Diagnosis, Treatment, and Prevention of Selected Common HIV-Related Opportunistic Infections in the Caribbean Region
And practice for taking daily antiretroviral therapy regimens. Diagnosis, prevention, and treatment of TB was discussed more fully in the …
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The Caribbean region, like other resource-limited areas, lacks many of the diagnostic and treatment modalities taken for granted in richer areas of the world. The Caribbean Guidelines for the Treatment of Opportunistic Infections in Adults and Adolescents Infected With the Human Immunodeficiency Virus provides guidelines for the region for preventing and treating more than 20 opportunistic diseases reflecting the variable availability of diagnostic and treatment resources. Elements of diagnosis and prevention of tuberculosis, Pneumocystis jiroveci pneumonia, and other common opportunistic conditions in this resource-limited setting were discussed by Jonathan E. Kaplan, MD, at the first CHART Caribbean Conference on the Clinical Management of HIV/AIDS in Montego Bay, Jamaica, in June 2004.
The Caribbean region, like other resource-limited areas, lacks many of the diagnostic and treatment modalities taken for granted in richer areas of the world. Polling of the attendees at the first CHART Caribbean Conference on the Clinical Management of HIV/AIDS (almost 350 HIV clinicians from 29 countries in the Caribbean region) indicated that approximately one third had access to both computed tomography (CT) and magnetic resonance imaging (MRI), whereas approximately one third had neither; only 10% had access to cryptococcal antigen testing; approximately one fifth reported having the ability to diagnose Pneumocystis jiroveci (formerly carinii) pneumonia (PCP), which requires induced sputum collection or bronchoscopy to obtain bronchioalveolar lavage specimens, as well as appropriate laboratory staining techniques; and approximately one half did not have access to CD4+ cell count testing. The Caribbean Guidelines for the Treatment of Opportunistic Infections in Adults and Adolescents Infected with the Human Immunodeficiency Virus, presented at the conference, represents a prodigious effort on the part of the Caribbean HIV-care community and offers invalu-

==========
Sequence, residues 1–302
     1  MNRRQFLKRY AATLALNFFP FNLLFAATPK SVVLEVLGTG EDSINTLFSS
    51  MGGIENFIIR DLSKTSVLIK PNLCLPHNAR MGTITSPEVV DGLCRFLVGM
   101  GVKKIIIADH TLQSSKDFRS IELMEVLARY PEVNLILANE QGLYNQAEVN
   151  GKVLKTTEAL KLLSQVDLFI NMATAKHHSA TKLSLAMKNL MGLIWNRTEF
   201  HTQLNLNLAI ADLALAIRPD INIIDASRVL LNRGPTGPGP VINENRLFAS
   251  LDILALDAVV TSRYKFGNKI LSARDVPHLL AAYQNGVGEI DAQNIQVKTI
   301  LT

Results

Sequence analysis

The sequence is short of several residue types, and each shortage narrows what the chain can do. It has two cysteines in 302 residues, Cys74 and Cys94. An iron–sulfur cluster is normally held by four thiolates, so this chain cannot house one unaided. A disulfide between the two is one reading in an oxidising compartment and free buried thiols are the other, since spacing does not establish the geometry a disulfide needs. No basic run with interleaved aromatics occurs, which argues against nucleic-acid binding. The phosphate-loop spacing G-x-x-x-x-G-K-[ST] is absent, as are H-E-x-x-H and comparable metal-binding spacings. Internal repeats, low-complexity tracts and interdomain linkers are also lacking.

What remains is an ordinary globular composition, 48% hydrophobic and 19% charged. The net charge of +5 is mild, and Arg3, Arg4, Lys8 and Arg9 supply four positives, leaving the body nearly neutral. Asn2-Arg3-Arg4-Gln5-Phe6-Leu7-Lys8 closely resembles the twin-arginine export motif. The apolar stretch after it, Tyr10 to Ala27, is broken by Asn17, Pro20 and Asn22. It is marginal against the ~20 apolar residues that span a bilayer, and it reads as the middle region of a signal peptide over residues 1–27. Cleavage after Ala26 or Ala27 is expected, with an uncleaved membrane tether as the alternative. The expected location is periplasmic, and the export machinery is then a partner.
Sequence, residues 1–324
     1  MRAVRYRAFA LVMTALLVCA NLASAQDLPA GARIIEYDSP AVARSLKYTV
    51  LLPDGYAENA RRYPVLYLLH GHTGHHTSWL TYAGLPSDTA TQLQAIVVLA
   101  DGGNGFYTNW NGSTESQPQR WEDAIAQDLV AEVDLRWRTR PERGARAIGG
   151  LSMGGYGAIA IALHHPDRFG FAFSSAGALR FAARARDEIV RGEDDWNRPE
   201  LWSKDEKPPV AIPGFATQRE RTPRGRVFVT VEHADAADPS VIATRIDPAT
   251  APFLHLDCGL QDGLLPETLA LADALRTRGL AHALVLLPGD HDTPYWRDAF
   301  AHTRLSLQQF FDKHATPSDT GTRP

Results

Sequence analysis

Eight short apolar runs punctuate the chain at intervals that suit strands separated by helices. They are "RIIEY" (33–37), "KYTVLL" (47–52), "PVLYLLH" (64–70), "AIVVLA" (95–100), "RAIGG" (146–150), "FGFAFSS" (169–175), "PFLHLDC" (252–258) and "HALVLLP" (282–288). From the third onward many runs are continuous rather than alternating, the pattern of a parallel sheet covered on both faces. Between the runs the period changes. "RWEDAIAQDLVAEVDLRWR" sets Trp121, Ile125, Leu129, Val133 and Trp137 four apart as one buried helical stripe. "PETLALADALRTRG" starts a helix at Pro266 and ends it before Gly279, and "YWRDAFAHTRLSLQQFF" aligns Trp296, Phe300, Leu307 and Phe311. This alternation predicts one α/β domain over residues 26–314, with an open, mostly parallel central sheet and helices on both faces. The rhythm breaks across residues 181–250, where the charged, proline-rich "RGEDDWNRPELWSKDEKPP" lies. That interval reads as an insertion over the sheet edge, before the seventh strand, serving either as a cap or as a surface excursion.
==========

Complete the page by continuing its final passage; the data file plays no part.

able regional guidelines for preventing and treating more than 20 opportunistic infections (OIs). The guidelines are oriented toward diagnosis and treatment of specific OIs. However, a syndromic approach to diagnosis and treatment of OIs is critical in assessing HIV-infected patients in settings in which laboratory diagnostics are lacking. Many of the OIs occurring in HIV-infected individuals are signaled by symptoms or signs that should prompt suspicion for specific conditions. The syndromic approach is represented in the acute care module of the World Health Organization (WHO)
Stages of HIV Disease: Acute HIV Infection Asymptomatic
Integrated Management of Adolescent and Adult Illness modules. (The 4 modules of this program–acute care, chronic HIV care with antiretroviral treatment, general principles of good chronic care, and palliative care–are available at www.who.int/3by5/publications/documents/imai/en/.) The acute care module covers all common illnesses, but gives particular attention to those associated with HIV infection. It was specifically prepared to be used in peripheral health centers with limited or no laboratory diagnostics and where care may be provided by nurses and physician assistants.
Diagnosis of Opportunistic Infections
Tuberculosis The natural history of HIV disease is such that most OIs occur after the CD4+ cell count has decreased to below 200/L (Figure 1). Tuberculosis (TB) can occur at any CD4+ cell count. The presSymptomatic
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